Infant Mortality in Peru and Mexico: Effects of Migration

Shirin Hakimzadeh, Rice University

Prior studies suggest that, over the long run, migration benefits infant survival in Mexico. This poster compares how migration affects rates of infant mortality in Mexico to Peru. Both nations are well-known for their high rates of outmigration, and differences in the process across national origins and local communities are likely to play a critical part in explanations of infant mortality. Using data from the Latin American and Mexican Migration projects, we will examine infant mortality and assess the extent to which it varies by attributes of origin communities. We will also examine variations in infant mortality for children in two types of families: those without migrants and those with prior migrants. Our findings will be summarized using a variety of techniques to insure straightforward interpretation of the effects of migration on infant survival.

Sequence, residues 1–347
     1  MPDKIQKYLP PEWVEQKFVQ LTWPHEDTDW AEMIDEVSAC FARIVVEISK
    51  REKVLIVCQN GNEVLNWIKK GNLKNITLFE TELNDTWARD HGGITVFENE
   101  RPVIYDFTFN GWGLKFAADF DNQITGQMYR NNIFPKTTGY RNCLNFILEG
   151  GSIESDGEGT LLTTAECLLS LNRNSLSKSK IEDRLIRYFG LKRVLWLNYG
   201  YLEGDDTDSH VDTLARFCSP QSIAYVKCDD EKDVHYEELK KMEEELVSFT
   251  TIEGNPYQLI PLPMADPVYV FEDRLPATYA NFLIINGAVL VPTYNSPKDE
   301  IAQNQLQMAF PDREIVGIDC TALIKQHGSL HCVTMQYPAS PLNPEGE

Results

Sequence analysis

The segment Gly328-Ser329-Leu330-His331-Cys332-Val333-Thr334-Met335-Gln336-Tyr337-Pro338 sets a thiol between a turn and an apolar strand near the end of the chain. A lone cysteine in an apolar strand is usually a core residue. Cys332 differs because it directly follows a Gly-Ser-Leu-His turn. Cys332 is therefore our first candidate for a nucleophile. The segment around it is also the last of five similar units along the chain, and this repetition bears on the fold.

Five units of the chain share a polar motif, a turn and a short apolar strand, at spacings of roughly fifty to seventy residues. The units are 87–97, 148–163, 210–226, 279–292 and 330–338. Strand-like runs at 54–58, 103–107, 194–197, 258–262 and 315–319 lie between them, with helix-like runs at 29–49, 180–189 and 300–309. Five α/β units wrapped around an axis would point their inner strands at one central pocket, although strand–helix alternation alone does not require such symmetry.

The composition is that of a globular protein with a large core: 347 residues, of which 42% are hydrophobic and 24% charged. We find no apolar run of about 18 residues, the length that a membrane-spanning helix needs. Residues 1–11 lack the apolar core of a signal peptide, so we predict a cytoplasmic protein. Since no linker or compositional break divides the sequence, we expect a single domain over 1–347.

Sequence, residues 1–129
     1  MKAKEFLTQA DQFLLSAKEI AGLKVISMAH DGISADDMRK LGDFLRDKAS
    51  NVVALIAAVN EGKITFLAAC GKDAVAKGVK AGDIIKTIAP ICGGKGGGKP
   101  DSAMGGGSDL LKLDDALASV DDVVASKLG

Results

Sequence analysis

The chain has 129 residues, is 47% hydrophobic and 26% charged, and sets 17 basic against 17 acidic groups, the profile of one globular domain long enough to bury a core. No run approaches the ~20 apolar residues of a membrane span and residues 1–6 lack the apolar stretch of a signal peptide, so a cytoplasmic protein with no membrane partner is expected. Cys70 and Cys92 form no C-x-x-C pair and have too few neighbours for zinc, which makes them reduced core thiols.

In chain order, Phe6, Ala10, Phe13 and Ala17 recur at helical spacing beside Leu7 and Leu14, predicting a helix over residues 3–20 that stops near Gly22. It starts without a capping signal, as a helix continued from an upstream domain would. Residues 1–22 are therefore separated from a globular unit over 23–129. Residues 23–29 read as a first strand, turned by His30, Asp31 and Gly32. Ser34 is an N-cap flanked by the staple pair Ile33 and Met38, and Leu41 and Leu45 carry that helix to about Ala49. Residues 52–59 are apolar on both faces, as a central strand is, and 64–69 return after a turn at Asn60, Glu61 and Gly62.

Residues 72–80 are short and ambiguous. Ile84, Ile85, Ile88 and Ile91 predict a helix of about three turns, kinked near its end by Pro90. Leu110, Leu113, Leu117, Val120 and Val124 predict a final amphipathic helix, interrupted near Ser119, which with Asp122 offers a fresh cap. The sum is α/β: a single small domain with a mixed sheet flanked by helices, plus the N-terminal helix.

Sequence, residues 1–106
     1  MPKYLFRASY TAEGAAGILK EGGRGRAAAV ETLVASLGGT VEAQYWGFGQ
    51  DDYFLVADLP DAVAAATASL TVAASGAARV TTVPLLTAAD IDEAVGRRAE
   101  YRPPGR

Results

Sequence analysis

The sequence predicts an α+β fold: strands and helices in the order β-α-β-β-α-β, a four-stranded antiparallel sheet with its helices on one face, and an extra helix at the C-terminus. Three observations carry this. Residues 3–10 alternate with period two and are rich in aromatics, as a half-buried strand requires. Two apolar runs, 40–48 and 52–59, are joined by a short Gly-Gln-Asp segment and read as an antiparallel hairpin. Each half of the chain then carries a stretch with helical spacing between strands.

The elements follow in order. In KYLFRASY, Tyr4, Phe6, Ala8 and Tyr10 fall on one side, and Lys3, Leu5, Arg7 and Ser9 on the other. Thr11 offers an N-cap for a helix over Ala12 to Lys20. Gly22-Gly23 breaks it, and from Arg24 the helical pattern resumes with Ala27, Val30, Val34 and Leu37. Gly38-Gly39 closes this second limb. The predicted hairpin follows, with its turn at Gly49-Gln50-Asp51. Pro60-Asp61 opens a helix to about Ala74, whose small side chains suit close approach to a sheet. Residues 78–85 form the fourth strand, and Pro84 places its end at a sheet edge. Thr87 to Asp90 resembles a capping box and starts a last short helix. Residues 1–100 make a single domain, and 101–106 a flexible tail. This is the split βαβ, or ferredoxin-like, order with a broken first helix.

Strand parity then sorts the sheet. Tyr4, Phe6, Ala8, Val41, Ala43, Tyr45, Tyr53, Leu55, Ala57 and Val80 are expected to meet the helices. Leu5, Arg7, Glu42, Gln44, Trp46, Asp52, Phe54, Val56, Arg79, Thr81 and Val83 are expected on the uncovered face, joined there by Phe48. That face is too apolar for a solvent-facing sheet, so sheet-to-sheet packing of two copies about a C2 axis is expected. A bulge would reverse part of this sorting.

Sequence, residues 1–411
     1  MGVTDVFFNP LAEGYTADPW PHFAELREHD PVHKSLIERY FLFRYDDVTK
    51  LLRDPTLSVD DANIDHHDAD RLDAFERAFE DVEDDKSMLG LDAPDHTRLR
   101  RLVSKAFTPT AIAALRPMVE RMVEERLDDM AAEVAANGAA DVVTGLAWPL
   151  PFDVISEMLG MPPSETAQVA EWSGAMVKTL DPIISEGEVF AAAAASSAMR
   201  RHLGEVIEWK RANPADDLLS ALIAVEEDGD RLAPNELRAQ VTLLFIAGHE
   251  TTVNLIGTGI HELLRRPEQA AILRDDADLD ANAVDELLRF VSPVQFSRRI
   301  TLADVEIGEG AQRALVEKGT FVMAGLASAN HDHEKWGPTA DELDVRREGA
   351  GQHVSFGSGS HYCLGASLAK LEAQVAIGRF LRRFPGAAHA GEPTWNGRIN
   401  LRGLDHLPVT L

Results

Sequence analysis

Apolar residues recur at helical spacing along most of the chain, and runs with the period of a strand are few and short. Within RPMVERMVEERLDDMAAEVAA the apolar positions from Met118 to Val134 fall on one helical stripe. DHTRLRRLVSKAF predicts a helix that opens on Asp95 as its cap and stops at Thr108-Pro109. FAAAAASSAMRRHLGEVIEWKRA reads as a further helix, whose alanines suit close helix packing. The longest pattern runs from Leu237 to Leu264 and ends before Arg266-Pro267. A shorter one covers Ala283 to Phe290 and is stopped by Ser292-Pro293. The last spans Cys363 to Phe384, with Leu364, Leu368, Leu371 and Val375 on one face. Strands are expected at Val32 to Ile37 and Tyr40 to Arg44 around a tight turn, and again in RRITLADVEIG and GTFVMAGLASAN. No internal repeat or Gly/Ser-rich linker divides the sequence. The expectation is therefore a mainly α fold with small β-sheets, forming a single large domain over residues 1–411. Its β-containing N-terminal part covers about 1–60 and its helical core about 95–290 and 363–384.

Presented in Poster Session 5: Health and Mortality